The 2022 holiday season did not lead to surges in respiratory disease transmissions, contrary to what experts anticipated.
The Centers for Disease Control and Prevention (CDC) confirmed Friday that based on new U.S. government data, reported doctor visits and transmissions of flu-like illnesses did not witness a significant rise, the Associated Press reported.
Instead, the reported cases fell for the sixth straight week after the flu and respiratory syncytial virus (RSV) infections surged in the fall.
“Right now, everything continues to decline,” the CDC’s Lynnette Brammer, who leads the agency’s effort to track flu cases in the U.S., said.
Last November, public health and medical experts feared the worst for the holiday season as they anticipated a “tripledemic” of the flu, RSV and COVID-19.
At the time, data from the Health and Human Services Department showed that flu hospitalizations increased nearly 30% in a week, with more than 11,200 people getting hospitalized due to the flu virus in the week ending Nov. 19.
However, health authorities said this week that flu and RSV hospitalizations have been going down since November in most places. In other places, more illnesses were reported. But doctors noted that patient traffic is already easing.
The news did not come as a surprise since the CDC announced mid-December that experts were seeing the first signs of flu activity slowing down during the holidays.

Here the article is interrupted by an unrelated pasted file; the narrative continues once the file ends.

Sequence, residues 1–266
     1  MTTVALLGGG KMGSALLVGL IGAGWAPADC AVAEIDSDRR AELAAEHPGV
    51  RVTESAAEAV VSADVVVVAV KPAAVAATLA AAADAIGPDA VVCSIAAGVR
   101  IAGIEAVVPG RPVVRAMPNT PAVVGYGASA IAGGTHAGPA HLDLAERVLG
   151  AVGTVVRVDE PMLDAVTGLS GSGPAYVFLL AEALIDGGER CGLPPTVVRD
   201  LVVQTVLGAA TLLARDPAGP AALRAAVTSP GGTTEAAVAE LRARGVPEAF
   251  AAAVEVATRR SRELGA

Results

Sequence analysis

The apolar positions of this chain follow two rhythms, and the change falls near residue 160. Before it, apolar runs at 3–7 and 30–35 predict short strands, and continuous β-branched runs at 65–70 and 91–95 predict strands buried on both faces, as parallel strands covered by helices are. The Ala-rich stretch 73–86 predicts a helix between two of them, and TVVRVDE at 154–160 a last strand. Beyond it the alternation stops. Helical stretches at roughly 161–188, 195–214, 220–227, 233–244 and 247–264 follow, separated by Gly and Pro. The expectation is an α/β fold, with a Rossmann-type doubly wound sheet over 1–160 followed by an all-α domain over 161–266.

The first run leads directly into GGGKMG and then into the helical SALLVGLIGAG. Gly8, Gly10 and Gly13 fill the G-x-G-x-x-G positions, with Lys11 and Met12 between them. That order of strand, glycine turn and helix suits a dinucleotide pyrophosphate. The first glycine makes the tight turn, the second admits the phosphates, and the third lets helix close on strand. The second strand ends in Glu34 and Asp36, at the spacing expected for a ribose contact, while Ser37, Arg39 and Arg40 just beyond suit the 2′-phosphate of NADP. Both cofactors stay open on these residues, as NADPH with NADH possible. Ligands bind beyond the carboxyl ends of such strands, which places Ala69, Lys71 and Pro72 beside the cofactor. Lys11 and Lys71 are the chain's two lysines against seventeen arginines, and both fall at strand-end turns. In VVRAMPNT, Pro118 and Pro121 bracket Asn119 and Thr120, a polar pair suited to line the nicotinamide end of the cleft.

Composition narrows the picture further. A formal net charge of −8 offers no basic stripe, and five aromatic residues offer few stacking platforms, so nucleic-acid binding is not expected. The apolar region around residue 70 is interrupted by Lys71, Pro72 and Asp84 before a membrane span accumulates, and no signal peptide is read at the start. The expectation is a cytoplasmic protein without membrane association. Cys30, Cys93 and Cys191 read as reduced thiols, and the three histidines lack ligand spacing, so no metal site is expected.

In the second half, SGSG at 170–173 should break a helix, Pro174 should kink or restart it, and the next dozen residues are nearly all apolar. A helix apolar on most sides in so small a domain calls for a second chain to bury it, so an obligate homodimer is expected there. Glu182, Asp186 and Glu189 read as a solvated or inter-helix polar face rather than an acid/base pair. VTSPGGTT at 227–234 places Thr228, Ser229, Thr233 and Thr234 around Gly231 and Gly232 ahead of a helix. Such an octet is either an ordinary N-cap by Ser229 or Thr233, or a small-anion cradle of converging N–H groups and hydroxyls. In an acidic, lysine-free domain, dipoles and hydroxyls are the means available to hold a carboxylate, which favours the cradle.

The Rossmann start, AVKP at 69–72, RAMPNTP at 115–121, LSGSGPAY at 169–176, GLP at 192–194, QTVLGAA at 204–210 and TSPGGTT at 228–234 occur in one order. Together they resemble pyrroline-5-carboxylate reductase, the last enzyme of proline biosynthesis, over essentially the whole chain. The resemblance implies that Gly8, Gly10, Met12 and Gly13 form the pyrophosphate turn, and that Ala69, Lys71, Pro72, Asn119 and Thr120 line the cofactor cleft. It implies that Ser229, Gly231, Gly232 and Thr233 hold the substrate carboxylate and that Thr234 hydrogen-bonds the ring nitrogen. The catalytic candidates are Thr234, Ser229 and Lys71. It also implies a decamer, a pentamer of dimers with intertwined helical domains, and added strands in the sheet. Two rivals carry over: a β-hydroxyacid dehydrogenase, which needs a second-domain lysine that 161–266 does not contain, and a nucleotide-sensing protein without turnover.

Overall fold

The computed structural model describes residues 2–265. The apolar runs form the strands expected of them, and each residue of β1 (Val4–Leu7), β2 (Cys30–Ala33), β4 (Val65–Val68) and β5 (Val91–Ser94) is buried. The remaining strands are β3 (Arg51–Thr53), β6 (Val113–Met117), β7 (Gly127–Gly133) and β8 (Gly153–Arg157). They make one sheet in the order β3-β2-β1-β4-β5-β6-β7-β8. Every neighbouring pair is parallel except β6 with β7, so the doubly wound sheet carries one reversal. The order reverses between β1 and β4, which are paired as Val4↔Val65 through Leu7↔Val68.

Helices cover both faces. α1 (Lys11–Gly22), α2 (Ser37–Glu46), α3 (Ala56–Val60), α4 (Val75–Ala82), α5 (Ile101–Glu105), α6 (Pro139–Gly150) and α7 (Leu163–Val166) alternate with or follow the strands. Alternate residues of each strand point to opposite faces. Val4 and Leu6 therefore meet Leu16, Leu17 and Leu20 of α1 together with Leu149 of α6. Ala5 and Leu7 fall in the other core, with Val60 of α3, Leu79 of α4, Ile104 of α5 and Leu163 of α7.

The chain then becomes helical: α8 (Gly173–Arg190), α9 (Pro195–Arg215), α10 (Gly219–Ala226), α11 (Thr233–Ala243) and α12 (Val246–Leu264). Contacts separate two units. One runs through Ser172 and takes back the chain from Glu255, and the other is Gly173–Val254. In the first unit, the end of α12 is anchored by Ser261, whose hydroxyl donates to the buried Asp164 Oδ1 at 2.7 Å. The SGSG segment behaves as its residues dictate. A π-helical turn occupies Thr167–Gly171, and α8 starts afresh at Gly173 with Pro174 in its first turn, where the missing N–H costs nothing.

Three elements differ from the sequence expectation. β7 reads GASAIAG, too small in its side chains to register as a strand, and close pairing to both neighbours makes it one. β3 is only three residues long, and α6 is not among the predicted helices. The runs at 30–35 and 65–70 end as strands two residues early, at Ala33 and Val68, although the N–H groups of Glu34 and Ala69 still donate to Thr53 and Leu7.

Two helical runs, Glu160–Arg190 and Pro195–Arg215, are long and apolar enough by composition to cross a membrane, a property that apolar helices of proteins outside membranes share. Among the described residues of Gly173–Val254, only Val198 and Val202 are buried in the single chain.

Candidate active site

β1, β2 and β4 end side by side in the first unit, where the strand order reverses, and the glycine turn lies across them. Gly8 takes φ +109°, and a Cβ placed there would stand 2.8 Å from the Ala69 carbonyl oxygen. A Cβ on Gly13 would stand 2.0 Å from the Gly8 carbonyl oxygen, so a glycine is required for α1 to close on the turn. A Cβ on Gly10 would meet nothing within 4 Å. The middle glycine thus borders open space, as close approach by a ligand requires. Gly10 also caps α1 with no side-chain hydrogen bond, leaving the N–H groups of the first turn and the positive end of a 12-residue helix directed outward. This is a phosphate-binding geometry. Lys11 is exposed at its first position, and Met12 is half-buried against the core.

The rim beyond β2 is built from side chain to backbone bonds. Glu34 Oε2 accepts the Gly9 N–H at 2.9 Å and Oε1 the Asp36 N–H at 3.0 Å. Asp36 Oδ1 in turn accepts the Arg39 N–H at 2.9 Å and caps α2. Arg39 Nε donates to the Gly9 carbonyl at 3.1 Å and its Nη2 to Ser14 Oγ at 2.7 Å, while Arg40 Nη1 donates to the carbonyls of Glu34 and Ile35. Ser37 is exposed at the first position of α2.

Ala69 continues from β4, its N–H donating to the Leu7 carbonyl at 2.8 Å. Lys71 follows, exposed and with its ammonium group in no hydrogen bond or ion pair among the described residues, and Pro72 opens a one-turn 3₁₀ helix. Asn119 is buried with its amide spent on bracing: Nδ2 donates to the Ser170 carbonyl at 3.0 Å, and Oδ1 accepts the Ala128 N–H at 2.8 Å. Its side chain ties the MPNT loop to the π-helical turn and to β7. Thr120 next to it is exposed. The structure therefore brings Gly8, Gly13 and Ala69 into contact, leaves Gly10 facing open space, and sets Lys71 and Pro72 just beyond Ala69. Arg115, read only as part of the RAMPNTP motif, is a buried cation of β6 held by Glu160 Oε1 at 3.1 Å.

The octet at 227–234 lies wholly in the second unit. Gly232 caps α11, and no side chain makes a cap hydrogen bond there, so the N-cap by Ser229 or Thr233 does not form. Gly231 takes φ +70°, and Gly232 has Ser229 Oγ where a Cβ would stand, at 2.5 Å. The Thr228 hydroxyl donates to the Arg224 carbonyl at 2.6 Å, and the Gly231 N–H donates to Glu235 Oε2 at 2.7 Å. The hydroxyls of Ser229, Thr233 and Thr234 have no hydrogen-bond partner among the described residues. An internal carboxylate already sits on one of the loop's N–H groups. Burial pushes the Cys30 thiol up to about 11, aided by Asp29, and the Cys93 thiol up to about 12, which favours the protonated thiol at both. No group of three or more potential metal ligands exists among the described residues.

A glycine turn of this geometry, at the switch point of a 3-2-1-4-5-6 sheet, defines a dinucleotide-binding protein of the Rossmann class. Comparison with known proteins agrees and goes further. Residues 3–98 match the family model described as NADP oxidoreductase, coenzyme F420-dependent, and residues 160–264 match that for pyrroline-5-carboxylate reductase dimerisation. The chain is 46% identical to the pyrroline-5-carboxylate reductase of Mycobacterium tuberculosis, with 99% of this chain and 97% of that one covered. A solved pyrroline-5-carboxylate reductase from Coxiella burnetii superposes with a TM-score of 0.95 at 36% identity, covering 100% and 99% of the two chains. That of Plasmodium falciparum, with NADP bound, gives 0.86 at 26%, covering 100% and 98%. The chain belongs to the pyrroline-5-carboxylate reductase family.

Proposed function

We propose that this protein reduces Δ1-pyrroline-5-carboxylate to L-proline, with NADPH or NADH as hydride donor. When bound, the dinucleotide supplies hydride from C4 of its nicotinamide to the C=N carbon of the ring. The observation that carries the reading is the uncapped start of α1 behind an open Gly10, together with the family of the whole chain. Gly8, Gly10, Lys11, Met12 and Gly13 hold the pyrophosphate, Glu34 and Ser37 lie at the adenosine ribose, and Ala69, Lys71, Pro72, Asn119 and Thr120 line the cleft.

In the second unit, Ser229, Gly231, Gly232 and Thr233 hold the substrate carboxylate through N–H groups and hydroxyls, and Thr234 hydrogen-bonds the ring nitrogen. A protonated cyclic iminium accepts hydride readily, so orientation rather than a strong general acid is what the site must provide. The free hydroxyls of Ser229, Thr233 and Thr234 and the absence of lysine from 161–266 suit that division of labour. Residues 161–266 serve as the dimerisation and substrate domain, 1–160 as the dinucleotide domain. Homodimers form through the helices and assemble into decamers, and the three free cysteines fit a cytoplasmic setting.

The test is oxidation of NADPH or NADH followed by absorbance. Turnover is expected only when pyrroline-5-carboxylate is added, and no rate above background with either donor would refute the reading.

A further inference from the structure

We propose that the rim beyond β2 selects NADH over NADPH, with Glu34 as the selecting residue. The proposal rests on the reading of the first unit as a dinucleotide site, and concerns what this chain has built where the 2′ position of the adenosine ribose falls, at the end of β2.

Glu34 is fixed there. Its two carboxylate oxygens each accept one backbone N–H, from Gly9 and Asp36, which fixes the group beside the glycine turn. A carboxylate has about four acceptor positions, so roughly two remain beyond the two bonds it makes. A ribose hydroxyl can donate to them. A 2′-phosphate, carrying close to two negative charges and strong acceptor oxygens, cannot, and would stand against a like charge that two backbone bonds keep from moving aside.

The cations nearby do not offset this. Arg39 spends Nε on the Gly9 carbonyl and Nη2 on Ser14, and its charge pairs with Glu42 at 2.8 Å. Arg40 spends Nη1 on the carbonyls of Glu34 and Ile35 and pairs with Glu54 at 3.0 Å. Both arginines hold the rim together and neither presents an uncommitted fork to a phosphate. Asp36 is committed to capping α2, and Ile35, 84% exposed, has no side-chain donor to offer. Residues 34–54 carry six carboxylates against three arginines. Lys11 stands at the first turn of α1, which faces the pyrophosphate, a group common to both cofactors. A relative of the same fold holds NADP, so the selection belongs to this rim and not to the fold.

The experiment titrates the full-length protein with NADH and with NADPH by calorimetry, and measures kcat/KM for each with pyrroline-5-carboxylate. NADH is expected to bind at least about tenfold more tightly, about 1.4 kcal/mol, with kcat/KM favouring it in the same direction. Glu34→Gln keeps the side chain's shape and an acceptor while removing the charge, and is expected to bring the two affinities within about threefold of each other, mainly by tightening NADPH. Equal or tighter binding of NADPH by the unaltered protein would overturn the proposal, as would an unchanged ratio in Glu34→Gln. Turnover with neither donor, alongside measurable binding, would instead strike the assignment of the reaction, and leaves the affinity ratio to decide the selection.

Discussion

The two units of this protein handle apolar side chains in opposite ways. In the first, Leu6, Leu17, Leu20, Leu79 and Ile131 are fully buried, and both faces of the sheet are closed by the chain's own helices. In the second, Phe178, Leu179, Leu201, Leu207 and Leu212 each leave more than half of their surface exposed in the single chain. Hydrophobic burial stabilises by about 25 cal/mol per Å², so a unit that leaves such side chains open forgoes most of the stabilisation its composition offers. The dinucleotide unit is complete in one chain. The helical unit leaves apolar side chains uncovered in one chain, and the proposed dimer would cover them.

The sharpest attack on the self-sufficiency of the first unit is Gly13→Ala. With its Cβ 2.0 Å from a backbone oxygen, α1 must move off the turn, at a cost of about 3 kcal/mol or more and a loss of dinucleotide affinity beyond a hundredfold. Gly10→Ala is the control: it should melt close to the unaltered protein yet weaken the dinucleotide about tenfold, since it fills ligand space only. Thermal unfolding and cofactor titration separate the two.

The week after Thanksgiving, hospitalizations dropped 10% after the country recorded the season’s worst figures the week prior.
Dr. Ethan Weiner, a pediatric ER doctor at the Hassenfeld Children’s Hospital at NYU Langone in New York City, told the Associated Press this week that the flu and RSV cases “eased up, considerably.”
He surmised that the surges likely dwindled because many members of the vulnerable population got infected, “and it just kind of burned itself out.”
It’s also worth noting that throughout the ordeal, public health authorities have been very active in encouraging the public to get vaccinated against the viruses, especially SARS-CoV-2.
Nevertheless, experts warned that the flu season is far from over. What they expected to happen over the holidays could still unfold in the weeks ahead.